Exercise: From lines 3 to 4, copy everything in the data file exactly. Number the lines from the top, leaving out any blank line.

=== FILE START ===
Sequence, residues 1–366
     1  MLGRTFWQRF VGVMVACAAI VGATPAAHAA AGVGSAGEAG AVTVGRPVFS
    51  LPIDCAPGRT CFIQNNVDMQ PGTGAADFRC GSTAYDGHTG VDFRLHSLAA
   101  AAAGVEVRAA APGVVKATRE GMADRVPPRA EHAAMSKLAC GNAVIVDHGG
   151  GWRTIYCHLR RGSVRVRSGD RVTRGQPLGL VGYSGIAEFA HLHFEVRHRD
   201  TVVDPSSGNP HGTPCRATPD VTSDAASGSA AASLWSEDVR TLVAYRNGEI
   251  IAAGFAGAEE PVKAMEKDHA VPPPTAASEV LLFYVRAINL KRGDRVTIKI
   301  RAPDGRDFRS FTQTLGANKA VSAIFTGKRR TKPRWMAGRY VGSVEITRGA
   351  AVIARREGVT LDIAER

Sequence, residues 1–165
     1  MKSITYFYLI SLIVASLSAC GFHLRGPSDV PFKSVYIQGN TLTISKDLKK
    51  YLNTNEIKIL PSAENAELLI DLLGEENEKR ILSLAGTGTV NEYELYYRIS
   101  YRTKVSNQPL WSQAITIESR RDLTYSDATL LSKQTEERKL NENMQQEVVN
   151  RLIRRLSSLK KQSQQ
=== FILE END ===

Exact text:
    51  LPIDCAPGRT CFIQNNVDMQ PGTGAADFRC GSTAYDGHTG VDFRLHSLAA
   101  AAAGVEVRAA APGVVKATRE GMADRVPPRA EHAAMSKLAC GNAVIVDHGG